UN Treaty on Plastic Pollution by Silvia Milanova, April 21 2021, 0 Comments

Plastic pollution is damaging to the environment, especially the world’s oceans. It seems that everyone is aware of the growing problem. Public awareness of plastic pollution has continued to grow, according to Google trend news searches since 2016. This trend has pushed consumers to demand stronger leadership on plastic pollution, changed shopping habits and encouraged employees to seek jobs at more responsible and sustainable firms. And still, it’s not enough. Despite national regulations and private voluntary initiatives, more than 11 million tons of plastic waste still flows into our oceans each year.

This alarming rate of pollution has urged 30 major businesses (as of October 2020) to sign a declaration that calls for a global treaty on plastic pollution. The overall goal is to significantly accelerate progress towards a circular economy for plastics with a more coordinated approach. As the first collective corporate action of its kind, the overall motto of the resolution is, “There is no time to waste.WWF, Ellen MacArthur Foundation and Boston Consulting Group (BCG) are urging more companies to join and the manifesto is open to new signatories.

CURRENT STATUS

A joint report by WWF, Ellen MacArthur Foundation and BCG called, The Business Case for a UN Treaty on Plastic Pollutionoutlines the urgency of the current status of plastic pollution. Regardless of a doubling of voluntary initiatives and national regulations over the last five years, plastics still make their way into our oceans and there is no sign that leakage rates are slowing. Although plastics bring a benefit to society, when they are not properly handled and leave the value chain, they can harm both nature and people. Today, one-third of plastic waste is mishandled; after which it pollutes the environment, floats around the globe with ocean currents and has even reached the shores of each Pole. Plastic waste is especially harmful to marine ecosystems and marine mammals.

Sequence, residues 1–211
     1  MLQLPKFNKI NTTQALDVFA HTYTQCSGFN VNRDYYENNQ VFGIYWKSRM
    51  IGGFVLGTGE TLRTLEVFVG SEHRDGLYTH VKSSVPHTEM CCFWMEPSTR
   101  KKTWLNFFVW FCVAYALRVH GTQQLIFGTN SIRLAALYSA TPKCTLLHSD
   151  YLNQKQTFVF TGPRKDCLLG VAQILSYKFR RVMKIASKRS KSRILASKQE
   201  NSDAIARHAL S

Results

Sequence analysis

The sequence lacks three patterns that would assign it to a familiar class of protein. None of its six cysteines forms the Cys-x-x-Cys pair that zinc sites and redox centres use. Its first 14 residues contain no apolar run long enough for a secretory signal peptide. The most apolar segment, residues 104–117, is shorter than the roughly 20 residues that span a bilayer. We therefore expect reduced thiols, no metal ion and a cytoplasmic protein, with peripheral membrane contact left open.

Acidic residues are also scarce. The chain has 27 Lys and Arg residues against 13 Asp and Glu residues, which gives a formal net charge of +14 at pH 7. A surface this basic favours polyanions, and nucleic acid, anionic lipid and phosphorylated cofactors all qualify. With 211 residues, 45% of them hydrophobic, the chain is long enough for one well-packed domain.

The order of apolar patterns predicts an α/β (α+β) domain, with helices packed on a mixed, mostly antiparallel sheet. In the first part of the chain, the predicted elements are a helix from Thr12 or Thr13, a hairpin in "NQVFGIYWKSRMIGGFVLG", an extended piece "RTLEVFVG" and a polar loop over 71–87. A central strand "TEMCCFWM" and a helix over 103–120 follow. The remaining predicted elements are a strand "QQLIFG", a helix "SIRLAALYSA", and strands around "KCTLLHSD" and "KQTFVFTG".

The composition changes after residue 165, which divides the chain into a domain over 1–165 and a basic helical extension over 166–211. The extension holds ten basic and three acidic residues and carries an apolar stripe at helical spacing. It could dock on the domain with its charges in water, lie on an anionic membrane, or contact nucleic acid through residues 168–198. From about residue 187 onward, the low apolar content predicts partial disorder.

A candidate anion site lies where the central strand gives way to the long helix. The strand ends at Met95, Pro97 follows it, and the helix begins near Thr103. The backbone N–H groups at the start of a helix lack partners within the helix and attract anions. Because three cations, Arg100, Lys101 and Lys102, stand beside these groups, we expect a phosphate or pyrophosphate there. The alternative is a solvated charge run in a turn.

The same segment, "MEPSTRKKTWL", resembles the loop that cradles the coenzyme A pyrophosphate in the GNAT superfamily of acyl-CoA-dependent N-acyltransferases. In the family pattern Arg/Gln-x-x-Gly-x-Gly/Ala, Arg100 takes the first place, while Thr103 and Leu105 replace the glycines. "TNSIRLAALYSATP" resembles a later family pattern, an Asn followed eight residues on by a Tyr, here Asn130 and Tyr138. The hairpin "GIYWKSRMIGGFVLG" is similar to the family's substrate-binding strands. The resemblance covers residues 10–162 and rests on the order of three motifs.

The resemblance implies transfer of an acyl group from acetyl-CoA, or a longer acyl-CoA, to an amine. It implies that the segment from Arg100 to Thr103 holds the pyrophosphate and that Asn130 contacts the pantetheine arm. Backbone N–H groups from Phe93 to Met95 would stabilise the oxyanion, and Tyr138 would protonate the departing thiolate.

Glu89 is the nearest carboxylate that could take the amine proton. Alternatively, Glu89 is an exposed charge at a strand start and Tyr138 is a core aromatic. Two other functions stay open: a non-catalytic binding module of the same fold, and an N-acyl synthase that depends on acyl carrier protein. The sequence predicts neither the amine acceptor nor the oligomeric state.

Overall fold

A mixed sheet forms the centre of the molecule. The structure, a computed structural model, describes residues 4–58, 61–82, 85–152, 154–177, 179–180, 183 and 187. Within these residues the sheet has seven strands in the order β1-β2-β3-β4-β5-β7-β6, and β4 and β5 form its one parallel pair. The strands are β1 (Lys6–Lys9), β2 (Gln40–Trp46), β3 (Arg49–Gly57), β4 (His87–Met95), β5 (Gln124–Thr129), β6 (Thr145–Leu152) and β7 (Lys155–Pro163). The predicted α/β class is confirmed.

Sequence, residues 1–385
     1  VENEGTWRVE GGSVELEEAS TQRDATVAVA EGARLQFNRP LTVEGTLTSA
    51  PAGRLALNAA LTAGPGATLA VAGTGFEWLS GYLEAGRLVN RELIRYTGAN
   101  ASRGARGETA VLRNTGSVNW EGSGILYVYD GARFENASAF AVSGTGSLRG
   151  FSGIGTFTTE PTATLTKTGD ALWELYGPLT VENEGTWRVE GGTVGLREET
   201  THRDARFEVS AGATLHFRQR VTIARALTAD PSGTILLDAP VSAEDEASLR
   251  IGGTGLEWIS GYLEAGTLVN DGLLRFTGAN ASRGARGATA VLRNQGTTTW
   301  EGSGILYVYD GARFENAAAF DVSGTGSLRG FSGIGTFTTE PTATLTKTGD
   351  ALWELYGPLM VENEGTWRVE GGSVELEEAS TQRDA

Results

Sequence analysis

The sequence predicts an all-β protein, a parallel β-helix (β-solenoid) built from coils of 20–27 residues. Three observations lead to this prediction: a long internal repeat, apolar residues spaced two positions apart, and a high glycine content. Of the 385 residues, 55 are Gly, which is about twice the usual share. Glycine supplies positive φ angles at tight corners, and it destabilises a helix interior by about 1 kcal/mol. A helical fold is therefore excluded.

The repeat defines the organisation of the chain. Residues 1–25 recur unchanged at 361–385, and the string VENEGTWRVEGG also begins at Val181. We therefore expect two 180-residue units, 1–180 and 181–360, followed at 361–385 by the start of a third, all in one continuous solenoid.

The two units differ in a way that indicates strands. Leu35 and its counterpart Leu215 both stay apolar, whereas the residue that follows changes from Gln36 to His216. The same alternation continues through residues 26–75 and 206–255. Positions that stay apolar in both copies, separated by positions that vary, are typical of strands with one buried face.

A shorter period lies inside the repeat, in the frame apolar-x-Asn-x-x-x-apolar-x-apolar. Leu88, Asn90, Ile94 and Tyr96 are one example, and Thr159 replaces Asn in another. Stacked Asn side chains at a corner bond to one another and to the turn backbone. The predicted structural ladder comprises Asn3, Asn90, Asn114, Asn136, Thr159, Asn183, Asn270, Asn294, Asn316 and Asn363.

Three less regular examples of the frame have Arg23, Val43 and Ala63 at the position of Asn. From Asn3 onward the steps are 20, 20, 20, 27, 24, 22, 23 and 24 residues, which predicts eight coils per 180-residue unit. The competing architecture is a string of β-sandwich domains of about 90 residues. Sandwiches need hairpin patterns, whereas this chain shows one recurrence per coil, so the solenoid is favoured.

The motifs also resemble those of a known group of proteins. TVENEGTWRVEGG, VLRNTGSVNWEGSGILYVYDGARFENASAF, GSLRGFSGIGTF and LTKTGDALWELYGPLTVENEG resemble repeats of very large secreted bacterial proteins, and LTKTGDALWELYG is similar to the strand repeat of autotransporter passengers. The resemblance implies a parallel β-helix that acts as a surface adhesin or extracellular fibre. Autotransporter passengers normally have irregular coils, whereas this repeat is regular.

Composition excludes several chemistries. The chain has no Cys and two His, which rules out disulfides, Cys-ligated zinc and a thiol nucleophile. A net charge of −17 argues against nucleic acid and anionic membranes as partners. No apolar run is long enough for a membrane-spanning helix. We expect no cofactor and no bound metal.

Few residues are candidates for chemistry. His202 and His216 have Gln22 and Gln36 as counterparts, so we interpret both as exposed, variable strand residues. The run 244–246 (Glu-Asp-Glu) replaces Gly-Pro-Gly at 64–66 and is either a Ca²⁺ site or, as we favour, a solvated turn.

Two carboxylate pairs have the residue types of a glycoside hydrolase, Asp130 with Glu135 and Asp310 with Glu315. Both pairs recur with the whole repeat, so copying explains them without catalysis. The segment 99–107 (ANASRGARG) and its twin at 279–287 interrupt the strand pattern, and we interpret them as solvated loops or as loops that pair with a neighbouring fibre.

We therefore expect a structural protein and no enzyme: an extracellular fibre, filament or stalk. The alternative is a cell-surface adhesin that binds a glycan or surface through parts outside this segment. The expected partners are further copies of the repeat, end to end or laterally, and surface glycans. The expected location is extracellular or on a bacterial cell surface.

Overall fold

The report calls for a global agreement among major businesses and NGOs, with global goals, clear direction and consistent measurement on how to progress more decisively and tackle this dire international issue. According to the report, the objective of the treaty should be to eliminate plastic leakage into our oceans by a specific date. Key points should include:

  1. Harmonized regulatory standards and common definitions across markets
  2. Clear national targets and action plans that aggregate to deliver on the treaty’s overarching objective
  3. Common reporting metrics and methodologies across the plastic value chain
  4. Coordinated investment approaches to support infrastructure development in key markets and innovation

Although voluntary actions can change the local markets, a larger global approach is necessary to bring industry-scale change. “A UN Treaty will help connect bottom-up activities to top-down expectations, setting our global community on path toward solving the plastic waste crisis," said Erin Simon, Head of Plastic Waste & Business at World Wildlife Fund (US).